Updated Nov 29, 2021 - Energy & Environment

Storms pummel flood-hit Pacific Northwest as border river overflows

An image of the water-logged Sumas Prairie area Friday

An image of the water-logged Sumas Prairie area taken Friday. Photo: British Columbia Ministry of Transportation/Twitter

The latest ferocious storm system to hit the Pacific Northwest triggered fresh evacuation orders and at least one mudslide in flood-ravaged British Columbia, Canada, late Sunday.

Threat level: Flood sirens sounded in Washington state as the Nooksack River overflowed. Henry Braun, mayor of Abbotsford, B.C., told reporters the water flow was headed toward the Canadian border city later Sunday. "There's nothing to stop it," he said.

Meanwhile, periods of heavy rain on top of already saturated soils were expected to lead to "additional flooding and continued threats of landslides across western Washington," the National Weather Service warned.

State of play: Abbotsford has been under evacuation alert since an atmospheric river event first brought record levels of rainfall, flooding and mudslides to the Pacific Northwest this month. Braun said water levels in the city had exceeded 17 inches so far.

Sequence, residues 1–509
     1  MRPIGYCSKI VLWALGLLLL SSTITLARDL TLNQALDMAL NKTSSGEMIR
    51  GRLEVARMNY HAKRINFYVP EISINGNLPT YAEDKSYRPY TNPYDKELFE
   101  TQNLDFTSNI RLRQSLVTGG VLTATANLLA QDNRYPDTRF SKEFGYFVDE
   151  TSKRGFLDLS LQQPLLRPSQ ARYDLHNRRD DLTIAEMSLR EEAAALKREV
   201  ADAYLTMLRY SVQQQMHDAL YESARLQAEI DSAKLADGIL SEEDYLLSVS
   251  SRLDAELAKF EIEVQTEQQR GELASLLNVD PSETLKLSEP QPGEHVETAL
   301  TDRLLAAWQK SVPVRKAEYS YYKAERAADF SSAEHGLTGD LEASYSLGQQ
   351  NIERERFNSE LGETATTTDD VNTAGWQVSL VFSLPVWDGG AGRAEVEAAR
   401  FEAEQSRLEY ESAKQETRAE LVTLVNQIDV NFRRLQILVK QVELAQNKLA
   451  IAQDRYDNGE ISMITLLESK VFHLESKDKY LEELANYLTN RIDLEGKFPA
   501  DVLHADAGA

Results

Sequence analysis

• Fresh evacuation orders and alerts were issued for the region on Sunday amid the latest atmospheric river — including in one area of Abbotsford that was hit by a mudslide amid the evening's heavy rains.
  • Parts of Washington were also under flood watches and warnings overnight.

What to watch: The latest atmospheric river, or plume of moisture, was slowly weakening overnight, but the National Weather Service said Monday morning it was expected to produce heavy rains over parts of the Pacific Northwest through Tuesday.

  • "Rainfall amounts in the U.S. will be highest over areas that border British Columbia such as the northern Cascades and Olympic mountains due to orographic enhancement," as precipitation may increase in intensity, per the NWS.
  • "Only a few inches of rain are expected to accumulate by the time that the AR event ends on Tuesday night."

The bottom line: Extreme weather events are the clearest way we're feeling climate change in our daily lives, Axios' Andrew Freedman and Kia Kokalitcheva write.

Go deeper: Extreme weather outruns the world

Editor's note: This article has been updated with more details on the storm's impact on Canada and further context.

Go deeper